A 2-story building at 171 Booker Place is owned by a Lake Worth church that had hoped to renovate it as a homeless residence. But that plan fizzled, and the complex “has become a blighted nuisance to the surrounding community, and a haven for illegal activity (drugs being sold, prostitution, drug-use, and other illicit activities),” City Manager Chandler Williamson said Tuesday in an email to County Commissioner Melissa McKinlay, whose district includes the Glades.
“The Broken Window Theory is in plain sight,” Williamson wrote, referring to a doctrine that says a broken window suggests no one cares and helps lead to blight and crime.
Williamson said the owners have offered to sign the place over. But there’s $22,000 in back taxes. Williamson asked for a break. No, the county said. Its hands are tied.
“We cannot waive taxes,” Sherry Brown, director of the county’s Office of Financial Management and Budget, said in an email. “If the city takes ownership, they are responsible.”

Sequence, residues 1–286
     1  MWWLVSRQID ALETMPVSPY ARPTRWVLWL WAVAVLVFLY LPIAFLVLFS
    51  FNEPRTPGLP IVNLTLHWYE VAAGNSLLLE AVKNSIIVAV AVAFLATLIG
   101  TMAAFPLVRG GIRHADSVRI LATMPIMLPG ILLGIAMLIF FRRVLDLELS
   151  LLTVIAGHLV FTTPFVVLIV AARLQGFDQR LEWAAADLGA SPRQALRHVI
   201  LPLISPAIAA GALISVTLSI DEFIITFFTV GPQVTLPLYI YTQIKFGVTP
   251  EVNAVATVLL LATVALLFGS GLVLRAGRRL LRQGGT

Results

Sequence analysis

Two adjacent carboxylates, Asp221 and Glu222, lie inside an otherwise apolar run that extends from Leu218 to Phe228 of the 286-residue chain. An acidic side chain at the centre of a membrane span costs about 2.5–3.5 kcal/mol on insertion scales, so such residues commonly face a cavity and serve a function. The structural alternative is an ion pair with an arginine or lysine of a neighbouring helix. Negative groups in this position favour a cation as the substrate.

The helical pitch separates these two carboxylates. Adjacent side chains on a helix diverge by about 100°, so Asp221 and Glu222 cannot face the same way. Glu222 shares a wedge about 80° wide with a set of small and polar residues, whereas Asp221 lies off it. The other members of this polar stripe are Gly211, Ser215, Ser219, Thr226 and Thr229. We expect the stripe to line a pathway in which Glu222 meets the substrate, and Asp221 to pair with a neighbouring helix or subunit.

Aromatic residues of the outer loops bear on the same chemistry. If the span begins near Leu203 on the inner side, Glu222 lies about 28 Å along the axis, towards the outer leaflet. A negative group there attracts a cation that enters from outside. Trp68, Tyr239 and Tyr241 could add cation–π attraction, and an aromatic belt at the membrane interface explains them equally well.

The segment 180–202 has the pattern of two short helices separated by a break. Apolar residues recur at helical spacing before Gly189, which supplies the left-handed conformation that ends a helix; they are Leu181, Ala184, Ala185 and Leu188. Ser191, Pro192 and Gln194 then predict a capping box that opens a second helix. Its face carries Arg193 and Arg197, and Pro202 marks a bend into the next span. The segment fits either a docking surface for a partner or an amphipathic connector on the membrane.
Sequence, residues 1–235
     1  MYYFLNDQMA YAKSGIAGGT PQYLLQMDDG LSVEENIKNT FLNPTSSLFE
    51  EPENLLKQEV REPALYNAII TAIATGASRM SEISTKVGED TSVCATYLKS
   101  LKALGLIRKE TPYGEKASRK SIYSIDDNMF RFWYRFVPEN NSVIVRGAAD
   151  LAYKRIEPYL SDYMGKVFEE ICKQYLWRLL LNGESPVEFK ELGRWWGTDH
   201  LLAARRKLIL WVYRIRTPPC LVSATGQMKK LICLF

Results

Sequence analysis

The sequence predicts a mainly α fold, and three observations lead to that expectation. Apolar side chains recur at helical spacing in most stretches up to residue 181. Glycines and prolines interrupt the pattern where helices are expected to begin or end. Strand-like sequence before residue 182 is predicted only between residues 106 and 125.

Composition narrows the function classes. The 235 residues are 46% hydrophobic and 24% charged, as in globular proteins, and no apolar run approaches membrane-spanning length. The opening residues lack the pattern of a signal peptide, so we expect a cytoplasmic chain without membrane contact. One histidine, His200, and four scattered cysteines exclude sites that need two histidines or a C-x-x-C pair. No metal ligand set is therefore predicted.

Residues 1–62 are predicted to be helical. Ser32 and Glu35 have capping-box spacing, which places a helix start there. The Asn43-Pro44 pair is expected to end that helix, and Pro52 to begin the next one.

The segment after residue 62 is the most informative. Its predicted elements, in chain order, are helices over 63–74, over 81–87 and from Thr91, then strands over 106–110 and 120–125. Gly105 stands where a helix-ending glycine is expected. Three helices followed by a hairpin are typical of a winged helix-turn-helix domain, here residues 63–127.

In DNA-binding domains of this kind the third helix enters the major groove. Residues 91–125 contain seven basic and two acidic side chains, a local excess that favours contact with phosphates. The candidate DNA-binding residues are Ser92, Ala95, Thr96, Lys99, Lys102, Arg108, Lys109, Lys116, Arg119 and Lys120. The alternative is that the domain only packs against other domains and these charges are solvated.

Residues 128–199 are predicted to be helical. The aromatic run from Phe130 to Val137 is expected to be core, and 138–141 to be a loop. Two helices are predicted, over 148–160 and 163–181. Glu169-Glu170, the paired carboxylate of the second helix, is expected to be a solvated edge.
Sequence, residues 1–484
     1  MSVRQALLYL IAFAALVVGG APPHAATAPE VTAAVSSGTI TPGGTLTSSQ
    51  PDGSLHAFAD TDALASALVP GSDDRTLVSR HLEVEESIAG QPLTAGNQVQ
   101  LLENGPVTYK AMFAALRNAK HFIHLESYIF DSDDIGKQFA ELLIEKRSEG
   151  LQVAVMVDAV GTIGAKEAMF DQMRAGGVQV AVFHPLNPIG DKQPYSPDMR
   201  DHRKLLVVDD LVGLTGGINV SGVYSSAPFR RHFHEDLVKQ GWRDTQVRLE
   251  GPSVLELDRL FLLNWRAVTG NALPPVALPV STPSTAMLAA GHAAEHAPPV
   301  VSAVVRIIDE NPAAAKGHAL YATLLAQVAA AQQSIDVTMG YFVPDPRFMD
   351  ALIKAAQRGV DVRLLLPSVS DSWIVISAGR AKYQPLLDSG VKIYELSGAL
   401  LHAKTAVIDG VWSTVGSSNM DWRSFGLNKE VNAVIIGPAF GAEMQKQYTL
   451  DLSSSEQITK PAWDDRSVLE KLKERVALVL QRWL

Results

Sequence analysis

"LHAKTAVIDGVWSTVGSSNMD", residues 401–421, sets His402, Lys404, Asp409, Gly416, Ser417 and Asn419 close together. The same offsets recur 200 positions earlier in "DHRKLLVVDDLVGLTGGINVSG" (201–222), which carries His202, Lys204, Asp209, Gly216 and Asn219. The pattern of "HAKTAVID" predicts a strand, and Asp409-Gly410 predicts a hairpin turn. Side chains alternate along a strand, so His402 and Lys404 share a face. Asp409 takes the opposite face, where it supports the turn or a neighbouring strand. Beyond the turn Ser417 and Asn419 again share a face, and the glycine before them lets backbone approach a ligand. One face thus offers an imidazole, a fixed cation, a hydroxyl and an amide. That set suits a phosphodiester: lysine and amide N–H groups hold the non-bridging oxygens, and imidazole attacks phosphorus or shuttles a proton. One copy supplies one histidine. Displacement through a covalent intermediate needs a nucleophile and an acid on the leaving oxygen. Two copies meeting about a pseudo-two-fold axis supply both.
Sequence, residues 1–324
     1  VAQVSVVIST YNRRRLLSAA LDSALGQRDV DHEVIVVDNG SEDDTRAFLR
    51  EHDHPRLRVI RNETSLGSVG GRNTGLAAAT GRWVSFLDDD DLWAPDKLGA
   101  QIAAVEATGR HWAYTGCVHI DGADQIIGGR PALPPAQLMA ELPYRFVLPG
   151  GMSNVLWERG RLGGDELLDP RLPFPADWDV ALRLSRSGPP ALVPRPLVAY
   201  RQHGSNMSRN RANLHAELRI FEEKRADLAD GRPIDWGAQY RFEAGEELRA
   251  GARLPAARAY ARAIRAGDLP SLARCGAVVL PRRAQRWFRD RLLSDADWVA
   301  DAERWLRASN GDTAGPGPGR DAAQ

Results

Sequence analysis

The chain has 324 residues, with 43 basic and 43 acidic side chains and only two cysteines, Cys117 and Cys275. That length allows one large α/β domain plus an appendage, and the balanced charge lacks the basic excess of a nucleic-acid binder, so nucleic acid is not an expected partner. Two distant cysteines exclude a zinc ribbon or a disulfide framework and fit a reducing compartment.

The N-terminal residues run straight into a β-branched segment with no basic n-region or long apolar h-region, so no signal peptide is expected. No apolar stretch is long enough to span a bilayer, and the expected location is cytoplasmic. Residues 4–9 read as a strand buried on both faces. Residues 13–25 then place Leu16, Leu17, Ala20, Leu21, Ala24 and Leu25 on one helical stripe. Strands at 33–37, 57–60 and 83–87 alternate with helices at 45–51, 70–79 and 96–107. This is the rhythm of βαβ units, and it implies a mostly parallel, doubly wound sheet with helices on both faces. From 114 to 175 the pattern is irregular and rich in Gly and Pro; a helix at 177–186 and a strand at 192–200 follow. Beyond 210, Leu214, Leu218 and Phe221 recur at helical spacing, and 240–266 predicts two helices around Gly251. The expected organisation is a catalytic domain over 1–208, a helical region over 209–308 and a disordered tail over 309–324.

Williamson couldn’t be reached to learn the city’s next move.
Now that Tuesday’s primary is over, expect to hear more from Palm Beach County officials about why it’s a great idea to raise the county’s sales tax. Expect to hear a lot more about that.
On Wednesday night, county staff members began circulating a draft copy of a brochure laying out information about the sales tax and reminding readers that “Election Day Is November 8, 2016.”
County officials can’t make political arguments in favor of raising the sales tax, but they can “educate” voters on what they see as the benefits of an increase. The county will rely on the Economic Council of Palm Beach County for the political push.
The proposed increase from 6 cents on the dollar to 7 cents on the dollar would raise an estimated $2.7 billion over the next 10 years.
That overall figure is not included on the brochure, which was put together by Assistant County Administrator Todd Bonlarron.
The brochure does note that the county would get 30 percent of the proceeds, with cities getting 20 percent and the School District of Palm Beach County getting the remaining 50 percent.
Also included on the brochure are phrases residents should expect to hear often over the next couple months, including the argument that the funds are to be used on “the three R’s: Repair Restore Replace.”
And, of course, the brochure describes the plan as “one county, one penny.”